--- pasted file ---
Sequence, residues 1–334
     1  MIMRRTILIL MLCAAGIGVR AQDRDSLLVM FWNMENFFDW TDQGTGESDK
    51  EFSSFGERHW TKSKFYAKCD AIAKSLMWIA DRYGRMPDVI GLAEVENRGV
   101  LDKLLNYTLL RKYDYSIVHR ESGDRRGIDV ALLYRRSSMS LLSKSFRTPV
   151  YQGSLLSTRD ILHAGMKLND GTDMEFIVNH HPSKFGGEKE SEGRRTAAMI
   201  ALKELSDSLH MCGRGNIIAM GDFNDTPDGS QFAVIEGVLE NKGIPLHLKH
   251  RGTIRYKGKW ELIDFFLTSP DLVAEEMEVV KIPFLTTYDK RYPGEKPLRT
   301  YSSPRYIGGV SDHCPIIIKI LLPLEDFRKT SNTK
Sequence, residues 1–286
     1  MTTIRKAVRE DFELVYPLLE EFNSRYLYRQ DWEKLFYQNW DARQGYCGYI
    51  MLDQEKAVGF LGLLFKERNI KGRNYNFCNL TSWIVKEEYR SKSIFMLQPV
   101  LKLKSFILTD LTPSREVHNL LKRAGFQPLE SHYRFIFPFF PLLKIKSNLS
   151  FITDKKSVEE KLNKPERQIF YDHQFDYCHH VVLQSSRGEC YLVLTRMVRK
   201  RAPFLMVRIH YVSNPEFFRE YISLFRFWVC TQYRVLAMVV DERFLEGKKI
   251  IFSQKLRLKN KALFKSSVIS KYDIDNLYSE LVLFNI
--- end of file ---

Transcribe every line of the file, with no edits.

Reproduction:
Sequence, residues 1–334
     1  MIMRRTILIL MLCAAGIGVR AQDRDSLLVM FWNMENFFDW TDQGTGESDK
    51  EFSSFGERHW TKSKFYAKCD AIAKSLMWIA DRYGRMPDVI GLAEVENRGV
   101  LDKLLNYTLL RKYDYSIVHR ESGDRRGIDV ALLYRRSSMS LLSKSFRTPV
   151  YQGSLLSTRD ILHAGMKLND GTDMEFIVNH HPSKFGGEKE SEGRRTAAMI
   201  ALKELSDSLH MCGRGNIIAM GDFNDTPDGS QFAVIEGVLE NKGIPLHLKH
   251  RGTIRYKGKW ELIDFFLTSP DLVAEEMEVV KIPFLTTYDK RYPGEKPLRT
   301  YSSPRYIGGV SDHCPIIIKI LLPLEDFRKT SNTK
Sequence, residues 1–286
     1  MTTIRKAVRE DFELVYPLLE EFNSRYLYRQ DWEKLFYQNW DARQGYCGYI
    51  MLDQEKAVGF LGLLFKERNI KGRNYNFCNL TSWIVKEEYR SKSIFMLQPV
   101  LKLKSFILTD LTPSREVHNL LKRAGFQPLE SHYRFIFPFF PLLKIKSNLS
   151  FITDKKSVEE KLNKPERQIF YDHQFDYCHH VVLQSSRGEC YLVLTRMVRK
   201  RAPFLMVRIH YVSNPEFFRE YISLFRFWVC TQYRVLAMVV DERFLEGKKI
   251  IFSQKLRLKN KALFKSSVIS KYDIDNLYSE LVLFNI